Marcia Schuyler (Chapter 3, page 2 of 7)


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Chapter 3

She bustled about, giving orders and laying a bountiful supper before the young man, while the Squire sat and talked with him, and Marcia hovered watchfully, waiting upon the table, noticing with admiring eyes the beautiful wave of his abundant hair, tossed back from his forehead. She took a kind of pride of possession in his handsome face,--the far-removed possession of a sister-in-law. There was his sunny smile, that seemed as though it could bring joy out of the gloom of a bleak December day, and there were the two dimples--not real dimples, of course, men never had dimples--but hints, suggestions of dimples, that caught themselves when he smiled, here and there like hidden mischief well kept under control, but still merrily ready to come to the surface. His hands were white and firm, the fingers long and shapely, the hands of a brain worker. The vision of Hanford Weston's hands, red and bony, came up to her in contrast. She had not known that she looked at them that day when he had stood awkwardly asking if he might walk with her. Poor Hanford! He would ill compare with this cultured scholarly man who was his senior by ten years, though it is possible that with the ten years added he would have been quite worthy of the admiration of any of the village girls.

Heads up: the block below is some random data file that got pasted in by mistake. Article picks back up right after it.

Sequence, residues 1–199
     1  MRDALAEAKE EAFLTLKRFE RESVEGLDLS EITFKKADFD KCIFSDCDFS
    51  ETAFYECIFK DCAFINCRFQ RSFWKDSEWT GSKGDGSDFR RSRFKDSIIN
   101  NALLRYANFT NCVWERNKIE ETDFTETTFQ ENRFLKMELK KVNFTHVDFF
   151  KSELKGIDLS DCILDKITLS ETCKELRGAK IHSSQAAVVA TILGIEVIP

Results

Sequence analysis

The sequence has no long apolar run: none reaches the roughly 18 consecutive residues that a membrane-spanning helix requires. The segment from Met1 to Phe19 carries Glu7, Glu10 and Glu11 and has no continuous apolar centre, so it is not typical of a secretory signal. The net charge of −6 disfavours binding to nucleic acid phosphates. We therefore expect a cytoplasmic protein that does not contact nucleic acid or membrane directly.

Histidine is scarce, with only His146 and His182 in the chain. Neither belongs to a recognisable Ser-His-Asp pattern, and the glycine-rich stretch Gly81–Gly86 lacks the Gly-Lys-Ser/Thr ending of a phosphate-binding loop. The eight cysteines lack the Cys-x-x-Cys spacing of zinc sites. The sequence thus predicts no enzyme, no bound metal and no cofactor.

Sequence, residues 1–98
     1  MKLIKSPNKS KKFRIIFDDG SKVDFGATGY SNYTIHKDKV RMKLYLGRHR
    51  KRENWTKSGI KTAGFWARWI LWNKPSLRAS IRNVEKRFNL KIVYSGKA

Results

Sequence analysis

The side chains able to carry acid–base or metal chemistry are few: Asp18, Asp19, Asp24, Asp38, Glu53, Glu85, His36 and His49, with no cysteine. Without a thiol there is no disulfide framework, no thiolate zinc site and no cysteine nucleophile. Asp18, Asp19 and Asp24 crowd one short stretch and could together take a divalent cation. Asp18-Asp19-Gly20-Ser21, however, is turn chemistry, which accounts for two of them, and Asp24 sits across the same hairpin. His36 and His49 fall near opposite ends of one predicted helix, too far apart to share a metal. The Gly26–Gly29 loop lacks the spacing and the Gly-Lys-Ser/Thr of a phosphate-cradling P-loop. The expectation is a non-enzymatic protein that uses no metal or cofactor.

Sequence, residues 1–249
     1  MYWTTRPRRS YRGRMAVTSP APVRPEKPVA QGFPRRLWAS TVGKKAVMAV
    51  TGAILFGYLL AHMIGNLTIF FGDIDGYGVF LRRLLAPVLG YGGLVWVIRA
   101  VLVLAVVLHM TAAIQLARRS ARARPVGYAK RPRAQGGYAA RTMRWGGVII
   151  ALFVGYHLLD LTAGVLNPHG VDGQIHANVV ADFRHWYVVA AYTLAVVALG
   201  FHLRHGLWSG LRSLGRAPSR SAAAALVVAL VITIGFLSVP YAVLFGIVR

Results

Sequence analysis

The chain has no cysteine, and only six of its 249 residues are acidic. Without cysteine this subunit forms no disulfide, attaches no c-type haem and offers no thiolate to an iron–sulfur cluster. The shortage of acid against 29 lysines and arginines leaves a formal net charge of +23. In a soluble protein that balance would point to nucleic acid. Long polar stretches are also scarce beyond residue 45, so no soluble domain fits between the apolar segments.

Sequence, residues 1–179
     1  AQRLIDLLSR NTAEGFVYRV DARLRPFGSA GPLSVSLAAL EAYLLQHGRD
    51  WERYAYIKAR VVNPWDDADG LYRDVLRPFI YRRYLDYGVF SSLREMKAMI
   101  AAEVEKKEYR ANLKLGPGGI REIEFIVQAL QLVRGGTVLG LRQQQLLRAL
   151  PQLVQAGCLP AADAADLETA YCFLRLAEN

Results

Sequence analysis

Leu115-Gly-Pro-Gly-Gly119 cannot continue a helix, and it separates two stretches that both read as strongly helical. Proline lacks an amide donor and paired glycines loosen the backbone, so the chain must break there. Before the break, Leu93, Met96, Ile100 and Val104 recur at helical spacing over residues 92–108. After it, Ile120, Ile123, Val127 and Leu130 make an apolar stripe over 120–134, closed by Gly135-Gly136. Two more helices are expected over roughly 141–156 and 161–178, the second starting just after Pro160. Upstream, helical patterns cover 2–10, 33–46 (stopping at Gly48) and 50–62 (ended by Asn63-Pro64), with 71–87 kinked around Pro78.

The fruit cake and raspberry preserves and doughnuts and all the various viands that Madam Schuyler had ordered set out for the delectation of her guest had been partaken of, and David and the Squire sat talking of the news of the day, touching on politics, with a bit of laughter from the Squire at the man who thought he had invented a machine to draw carriages by steam in place of horses.

"There's a good deal in it, I believe," said the younger man. "His theory is all right if he can get some one to help him carry it out."

"Well, maybe, maybe," said the Squire shaking his head dubiously, "but it seems to me a very fanciful scheme. Horses are good enough for me. I shouldn't like to trust myself to an unknown quantity like steam, but time will tell."

"Yes, and the world is progressing. Something of the sort is sure to come. It has come in England. It would make a vast change in our country, binding city to city and practically eradicating space."

"Visionary schemes, David, visionary schemes, that's what I call them. You and I'll never see them in our day, I'm sure of that. Remember this is a new country and must go slow." The Squire was half laughing, half in earnest.

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